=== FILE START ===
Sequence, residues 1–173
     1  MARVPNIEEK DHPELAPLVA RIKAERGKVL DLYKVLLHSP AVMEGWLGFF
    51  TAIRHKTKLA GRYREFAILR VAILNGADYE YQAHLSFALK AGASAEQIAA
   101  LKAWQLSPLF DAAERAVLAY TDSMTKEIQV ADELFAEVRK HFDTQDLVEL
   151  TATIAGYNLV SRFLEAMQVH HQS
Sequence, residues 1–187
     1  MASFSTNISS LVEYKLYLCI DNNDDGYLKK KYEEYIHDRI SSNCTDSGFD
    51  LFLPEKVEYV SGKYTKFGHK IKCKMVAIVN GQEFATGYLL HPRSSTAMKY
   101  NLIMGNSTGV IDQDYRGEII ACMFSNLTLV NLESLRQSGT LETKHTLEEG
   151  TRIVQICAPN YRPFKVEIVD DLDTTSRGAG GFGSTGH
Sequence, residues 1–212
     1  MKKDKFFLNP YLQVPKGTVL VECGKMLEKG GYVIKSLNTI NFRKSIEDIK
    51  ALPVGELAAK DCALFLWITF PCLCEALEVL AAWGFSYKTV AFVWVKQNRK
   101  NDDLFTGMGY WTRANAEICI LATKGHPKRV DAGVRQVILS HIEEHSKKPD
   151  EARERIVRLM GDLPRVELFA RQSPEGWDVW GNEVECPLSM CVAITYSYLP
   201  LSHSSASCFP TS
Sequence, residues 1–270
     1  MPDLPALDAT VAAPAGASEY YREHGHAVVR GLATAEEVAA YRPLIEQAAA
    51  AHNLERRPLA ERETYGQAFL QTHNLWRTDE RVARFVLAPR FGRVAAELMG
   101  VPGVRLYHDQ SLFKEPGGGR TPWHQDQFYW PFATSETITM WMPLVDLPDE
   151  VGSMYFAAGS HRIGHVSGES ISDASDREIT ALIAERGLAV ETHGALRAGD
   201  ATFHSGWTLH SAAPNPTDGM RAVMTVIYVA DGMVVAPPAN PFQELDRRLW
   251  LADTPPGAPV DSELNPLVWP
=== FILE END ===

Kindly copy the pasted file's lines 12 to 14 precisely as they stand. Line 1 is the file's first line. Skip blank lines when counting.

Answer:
     1  MKKDKFFLNP YLQVPKGTVL VECGKMLEKG GYVIKSLNTI NFRKSIEDIK
    51  ALPVGELAAK DCALFLWITF PCLCEALEVL AAWGFSYKTV AFVWVKQNRK
   101  NDDLFTGMGY WTRANAEICI LATKGHPKRV DAGVRQVILS HIEEHSKKPD